CIA, FBI, and Government Documents

Government Periodicals

Featured Highlights >> CIA, FBI, and Government Documents >> Government Periodicals
Search Tips

Source: "Fort Carson's Racial Harmony Council: Ethnic Groups At Army Post Are 'Keeping It Together'." Commander's Digest. Vol. 12, no. 2. Washington, D.C. GPO, May 18, 1972. P. 6-7. "Fort Carson's Racial Harmony Council: Ethnic Groups At Army Post Are 'Keeping It Together'." Commander's Digest. Vol. 12, no. 2. Washington, D.C. GPO, May 18, 1972. P. 6-7.

SuDoc No.: D2.15/2

The Fort Carson Racial Harmony Council was created after a conflict at Fort Carson, Colorado, between African-American soldiers and white military police. The Council was responsible for creating a "safety valve" for tensions on the base. Some of the methods used to achieve this included the creation of an "International House" that served ethnic food and provided alternative entertainment. A clothing store called "Ebony to Ivory" was established, courses on African-American Studies were introduced, and national speakers such as Julian Bond, Leroi Jones, Roberto "Corky" Gonzales, and Dick Gregory were invited to speak at the base.


Fort Carson's Racial Harmony Council: Ethnic Groups At Army Post Are 'Keeping It Together'.

In the hot summer of 1970, racial tensions were high at Ft. Carson, Colorado. A confrontations took place between black soldiers and white military police at the huge Army post near Colorado Springs. From that conflict emerged Fort Carson's Racial Harmony Council.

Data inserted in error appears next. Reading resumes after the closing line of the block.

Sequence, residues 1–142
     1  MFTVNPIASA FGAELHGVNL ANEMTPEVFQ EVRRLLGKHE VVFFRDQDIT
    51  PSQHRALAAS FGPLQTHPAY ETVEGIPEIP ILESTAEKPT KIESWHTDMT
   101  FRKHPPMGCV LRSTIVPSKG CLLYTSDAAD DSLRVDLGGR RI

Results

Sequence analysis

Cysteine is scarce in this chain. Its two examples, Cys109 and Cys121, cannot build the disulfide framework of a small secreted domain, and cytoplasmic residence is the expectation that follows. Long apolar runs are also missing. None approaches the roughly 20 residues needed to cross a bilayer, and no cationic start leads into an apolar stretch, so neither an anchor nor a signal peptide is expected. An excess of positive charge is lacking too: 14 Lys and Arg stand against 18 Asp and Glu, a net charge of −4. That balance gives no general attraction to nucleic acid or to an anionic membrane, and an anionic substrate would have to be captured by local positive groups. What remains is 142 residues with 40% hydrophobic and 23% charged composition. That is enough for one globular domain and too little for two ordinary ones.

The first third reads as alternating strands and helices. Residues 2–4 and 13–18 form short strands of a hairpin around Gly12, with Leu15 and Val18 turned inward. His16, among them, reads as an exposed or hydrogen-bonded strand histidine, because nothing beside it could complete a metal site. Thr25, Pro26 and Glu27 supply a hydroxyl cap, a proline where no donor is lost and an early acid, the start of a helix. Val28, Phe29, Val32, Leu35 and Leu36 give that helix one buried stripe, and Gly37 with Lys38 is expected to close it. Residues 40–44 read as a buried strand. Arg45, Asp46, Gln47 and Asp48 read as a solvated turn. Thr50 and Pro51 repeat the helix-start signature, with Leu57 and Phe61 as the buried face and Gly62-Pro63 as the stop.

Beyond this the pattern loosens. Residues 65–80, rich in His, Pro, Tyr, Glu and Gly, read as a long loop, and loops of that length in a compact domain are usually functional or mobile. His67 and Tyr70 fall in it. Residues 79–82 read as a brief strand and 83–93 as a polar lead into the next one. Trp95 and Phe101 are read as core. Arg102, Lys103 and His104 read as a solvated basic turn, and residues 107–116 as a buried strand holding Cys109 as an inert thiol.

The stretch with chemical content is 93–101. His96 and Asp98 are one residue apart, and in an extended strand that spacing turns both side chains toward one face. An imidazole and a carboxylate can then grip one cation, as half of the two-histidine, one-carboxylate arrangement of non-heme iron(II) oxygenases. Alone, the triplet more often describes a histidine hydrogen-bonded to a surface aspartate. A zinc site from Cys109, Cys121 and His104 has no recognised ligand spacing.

The council was established to identify and solve race-related problems before they erupted into violence. Unlike other post councils, the council is appointed, not elected.

The biggest problem, says Major General John C. Bennett, Commander of the post and the resident Fourth Division, "was to get enough black militants on the Racial Harmony Council." But, he adds, "We got them. We don't put Uncle Toms on the council."

Some members of the council view themselves not so much as "black militants" but rather as activists who "wanted something that could work within the system" but that would not just "white wash" the problems. The first order of business for the group, following its establishment, was developing common objectives.

"When we catch things, we are quick to voice them, and action is taken to stop them," says Specialist Five Bill Manning, a former co-chairman of the council. "We are sort of like a pressure valve for the brothers. When they have a problem, they can come to us and let off their tensions and know that we will find a way to try to solve the problem."

The council has launched a number of innovations. It has been in the forefront of setting up seminars for individual units, and arranging for full-time counselors. At a time when "black" items were non-existent in post exchanges, it advised the PX on items needed and wanted by blacks. It initiated classes in black and chicano history, and suggested books on racial problems, for the post's library.